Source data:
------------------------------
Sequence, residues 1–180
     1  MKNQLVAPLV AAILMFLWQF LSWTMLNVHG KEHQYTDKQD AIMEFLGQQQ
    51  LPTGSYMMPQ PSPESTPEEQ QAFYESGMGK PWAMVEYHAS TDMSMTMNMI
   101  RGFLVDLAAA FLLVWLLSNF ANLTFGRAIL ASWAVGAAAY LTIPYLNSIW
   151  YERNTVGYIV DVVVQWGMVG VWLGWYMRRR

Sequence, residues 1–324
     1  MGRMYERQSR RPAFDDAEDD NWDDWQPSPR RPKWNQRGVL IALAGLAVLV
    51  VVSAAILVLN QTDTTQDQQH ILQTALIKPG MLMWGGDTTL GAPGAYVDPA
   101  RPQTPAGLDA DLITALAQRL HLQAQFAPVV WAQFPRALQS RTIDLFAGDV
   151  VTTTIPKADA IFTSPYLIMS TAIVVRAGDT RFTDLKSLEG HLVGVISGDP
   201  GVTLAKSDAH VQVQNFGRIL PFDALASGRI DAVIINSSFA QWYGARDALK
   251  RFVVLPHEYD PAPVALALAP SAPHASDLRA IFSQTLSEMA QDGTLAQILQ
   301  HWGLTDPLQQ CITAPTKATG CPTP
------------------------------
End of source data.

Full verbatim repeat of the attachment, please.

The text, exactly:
Sequence, residues 1–180
     1  MKNQLVAPLV AAILMFLWQF LSWTMLNVHG KEHQYTDKQD AIMEFLGQQQ
    51  LPTGSYMMPQ PSPESTPEEQ QAFYESGMGK PWAMVEYHAS TDMSMTMNMI
   101  RGFLVDLAAA FLLVWLLSNF ANLTFGRAIL ASWAVGAAAY LTIPYLNSIW
   151  YERNTVGYIV DVVVQWGMVG VWLGWYMRRR

Sequence, residues 1–324
     1  MGRMYERQSR RPAFDDAEDD NWDDWQPSPR RPKWNQRGVL IALAGLAVLV
    51  VVSAAILVLN QTDTTQDQQH ILQTALIKPG MLMWGGDTTL GAPGAYVDPA
   101  RPQTPAGLDA DLITALAQRL HLQAQFAPVV WAQFPRALQS RTIDLFAGDV
   151  VTTTIPKADA IFTSPYLIMS TAIVVRAGDT RFTDLKSLEG HLVGVISGDP
   201  GVTLAKSDAH VQVQNFGRIL PFDALASGRI DAVIINSSFA QWYGARDALK
   251  RFVVLPHEYD PAPVALALAP SAPHASDLRA IFSQTLSEMA QDGTLAQILQ
   301  HWGLTDPLQQ CITAPTKATG CPTP